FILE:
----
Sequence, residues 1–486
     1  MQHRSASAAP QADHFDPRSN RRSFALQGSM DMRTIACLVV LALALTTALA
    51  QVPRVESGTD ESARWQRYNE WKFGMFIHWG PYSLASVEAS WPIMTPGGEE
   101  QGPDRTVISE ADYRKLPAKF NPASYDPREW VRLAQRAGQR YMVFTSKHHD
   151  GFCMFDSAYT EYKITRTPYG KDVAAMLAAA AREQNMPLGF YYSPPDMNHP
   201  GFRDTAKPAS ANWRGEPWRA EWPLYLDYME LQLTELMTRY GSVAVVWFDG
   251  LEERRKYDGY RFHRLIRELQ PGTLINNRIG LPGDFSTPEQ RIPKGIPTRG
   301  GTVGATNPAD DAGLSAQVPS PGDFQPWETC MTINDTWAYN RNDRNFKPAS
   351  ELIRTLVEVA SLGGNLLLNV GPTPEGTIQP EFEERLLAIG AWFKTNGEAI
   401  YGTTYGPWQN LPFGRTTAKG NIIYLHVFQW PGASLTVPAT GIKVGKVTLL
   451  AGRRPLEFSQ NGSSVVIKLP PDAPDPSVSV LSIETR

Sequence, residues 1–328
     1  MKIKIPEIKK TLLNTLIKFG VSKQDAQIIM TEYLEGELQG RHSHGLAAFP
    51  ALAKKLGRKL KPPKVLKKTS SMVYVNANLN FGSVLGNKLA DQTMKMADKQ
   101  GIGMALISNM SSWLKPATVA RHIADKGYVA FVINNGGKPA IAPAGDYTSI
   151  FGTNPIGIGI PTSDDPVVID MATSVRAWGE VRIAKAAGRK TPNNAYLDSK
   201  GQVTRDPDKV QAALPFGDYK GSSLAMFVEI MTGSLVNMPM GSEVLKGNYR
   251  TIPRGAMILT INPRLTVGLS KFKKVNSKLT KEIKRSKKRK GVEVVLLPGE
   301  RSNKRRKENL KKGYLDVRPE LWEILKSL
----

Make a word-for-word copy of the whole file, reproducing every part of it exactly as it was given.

Sequence, residues 1–486
     1  MQHRSASAAP QADHFDPRSN RRSFALQGSM DMRTIACLVV LALALTTALA
    51  QVPRVESGTD ESARWQRYNE WKFGMFIHWG PYSLASVEAS WPIMTPGGEE
   101  QGPDRTVISE ADYRKLPAKF NPASYDPREW VRLAQRAGQR YMVFTSKHHD
   151  GFCMFDSAYT EYKITRTPYG KDVAAMLAAA AREQNMPLGF YYSPPDMNHP
   201  GFRDTAKPAS ANWRGEPWRA EWPLYLDYME LQLTELMTRY GSVAVVWFDG
   251  LEERRKYDGY RFHRLIRELQ PGTLINNRIG LPGDFSTPEQ RIPKGIPTRG
   301  GTVGATNPAD DAGLSAQVPS PGDFQPWETC MTINDTWAYN RNDRNFKPAS
   351  ELIRTLVEVA SLGGNLLLNV GPTPEGTIQP EFEERLLAIG AWFKTNGEAI
   401  YGTTYGPWQN LPFGRTTAKG NIIYLHVFQW PGASLTVPAT GIKVGKVTLL
   451  AGRRPLEFSQ NGSSVVIKLP PDAPDPSVSV LSIETR

Sequence, residues 1–328
     1  MKIKIPEIKK TLLNTLIKFG VSKQDAQIIM TEYLEGELQG RHSHGLAAFP
    51  ALAKKLGRKL KPPKVLKKTS SMVYVNANLN FGSVLGNKLA DQTMKMADKQ
   101  GIGMALISNM SSWLKPATVA RHIADKGYVA FVINNGGKPA IAPAGDYTSI
   151  FGTNPIGIGI PTSDDPVVID MATSVRAWGE VRIAKAAGRK TPNNAYLDSK
   201  GQVTRDPDKV QAALPFGDYK GSSLAMFVEI MTGSLVNMPM GSEVLKGNYR
   251  TIPRGAMILT INPRLTVGLS KFKKVNSKLT KEIKRSKKRK GVEVVLLPGE
   301  RSNKRRKENL KKGYLDVRPE LWEILKSL